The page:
Wedding Planning Tips - 7 Mistakes Couples Make When Planning Their WeddingCongratulations…you’re engaged!! Now it’s time to plan your special day. Understanding what goes into planning a wedding is so important but it’s NOT just about the details. There are many important things to consider. Here are 7 wedding planning tips to help couples avoid making mistakes when planning their wedding.

  1. Not putting together a guest list first. The first thing couples need to do is put together a guest list. Keep in mind that both sides of the family will want to invite guests. The list will grow quickly. It’s not the most fun part of the planning process but it is one of the most important. Couples need to know how many guests they are inviting to determine the amount of space they will need. Most venues and vendors price according to the number of guests so having a clear guest count will be helpful from the beginning.
  1. Not understanding the services they are getting. You MUST meet with all your vendors and do a site visit at the venue before signing ANY contracts. Pictures on the website of the venue are usually not as accurate as they are in person. Visit the venue to make sure you LOVE it and it fits your vision for the wedding. Ask for video samples from the videographer. Make sure you hire a wedding photographer who has experience shooting weddings. A corporate photographer and wedding photographer are completely different. Do not let Aunt Betsy take pictures to save money unless she is an experienced wedding photographer. You’re going to want great pictures! Get references. Search Google to see if you find negative comments about the vendor or the venue. Ask for linen samples. You need to check the color and quality of the linen. The product and color are usually different in person. You cannot make changes once the fabric arrives to the venue on the day of your wedding so be sure to get samples ahead of time. Linen companies will send you samples at no charge. One of our favorite linen companies is TSS Linens. If you are getting married around Valentine’s Day, take into consideration flowers will be much more expensive. Consider the holidays around your wedding day and what flowers are available at that time of year.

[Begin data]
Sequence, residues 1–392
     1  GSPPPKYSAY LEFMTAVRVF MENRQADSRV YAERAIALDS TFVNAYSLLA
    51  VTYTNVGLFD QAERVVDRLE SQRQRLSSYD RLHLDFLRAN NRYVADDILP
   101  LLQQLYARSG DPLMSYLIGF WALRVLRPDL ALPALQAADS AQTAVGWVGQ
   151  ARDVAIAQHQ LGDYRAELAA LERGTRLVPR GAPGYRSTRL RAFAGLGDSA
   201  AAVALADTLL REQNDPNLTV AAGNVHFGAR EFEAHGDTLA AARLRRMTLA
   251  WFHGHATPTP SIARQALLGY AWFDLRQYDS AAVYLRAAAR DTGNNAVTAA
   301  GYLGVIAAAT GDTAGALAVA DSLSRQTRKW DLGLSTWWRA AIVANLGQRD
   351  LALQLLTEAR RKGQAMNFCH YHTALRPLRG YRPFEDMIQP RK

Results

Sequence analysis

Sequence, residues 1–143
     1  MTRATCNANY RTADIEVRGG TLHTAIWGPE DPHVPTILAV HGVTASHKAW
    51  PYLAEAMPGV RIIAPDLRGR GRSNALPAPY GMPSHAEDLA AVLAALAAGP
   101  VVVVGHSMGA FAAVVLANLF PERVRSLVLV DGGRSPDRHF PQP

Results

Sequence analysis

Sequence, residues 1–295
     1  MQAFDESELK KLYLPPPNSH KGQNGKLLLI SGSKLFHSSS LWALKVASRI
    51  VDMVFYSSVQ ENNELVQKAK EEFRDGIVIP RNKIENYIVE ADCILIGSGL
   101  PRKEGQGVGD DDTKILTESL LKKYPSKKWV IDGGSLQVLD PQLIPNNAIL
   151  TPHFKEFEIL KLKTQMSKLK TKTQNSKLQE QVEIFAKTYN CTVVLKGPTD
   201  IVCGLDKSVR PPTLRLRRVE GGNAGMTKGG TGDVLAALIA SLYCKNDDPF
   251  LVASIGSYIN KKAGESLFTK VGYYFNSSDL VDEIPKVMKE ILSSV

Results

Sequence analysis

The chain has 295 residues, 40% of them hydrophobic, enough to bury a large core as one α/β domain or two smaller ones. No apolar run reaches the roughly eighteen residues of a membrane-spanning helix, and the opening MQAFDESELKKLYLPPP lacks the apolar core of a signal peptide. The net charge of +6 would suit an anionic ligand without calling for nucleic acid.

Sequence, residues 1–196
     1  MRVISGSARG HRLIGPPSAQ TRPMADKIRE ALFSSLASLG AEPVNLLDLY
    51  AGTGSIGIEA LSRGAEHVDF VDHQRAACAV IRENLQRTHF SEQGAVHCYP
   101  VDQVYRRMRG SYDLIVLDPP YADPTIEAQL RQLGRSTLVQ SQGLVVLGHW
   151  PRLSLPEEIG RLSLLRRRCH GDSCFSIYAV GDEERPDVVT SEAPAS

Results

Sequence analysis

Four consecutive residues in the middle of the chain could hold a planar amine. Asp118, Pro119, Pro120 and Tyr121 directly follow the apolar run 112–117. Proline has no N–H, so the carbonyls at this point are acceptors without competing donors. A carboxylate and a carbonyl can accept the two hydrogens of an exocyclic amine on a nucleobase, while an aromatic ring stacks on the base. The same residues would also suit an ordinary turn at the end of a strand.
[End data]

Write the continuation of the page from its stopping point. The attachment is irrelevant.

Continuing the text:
1. Not hiring the right DJ for your wedding. The music is one of the most important elements for your wedding. ALWAYS discuss in detail with the DJ what music you want them to play. Give them a specific play list. Don’t hire a club DJ because he’s your fiancés friend unless you want this type of music for your wedding. Don’t hire a DJ that only does kids parties. You want to make sure the DJ understands who are as a couple, who the attendees are and what type of “theme” you want for your wedding. If you want the DJ to MC your event, be sure they have experience as an MC. Not every DJ does this.
  1. Not tasting the food. You must ALWAYS taste the food before the wedding. If there is a specific type of food you want for your wedding, be sure the caterer has experience with this type of food. For example, if you want a kosher menu, you need to be sure the caterer or venue has experience with serving kosher food before you sign the contract with them. AND set up a tasting before you commit.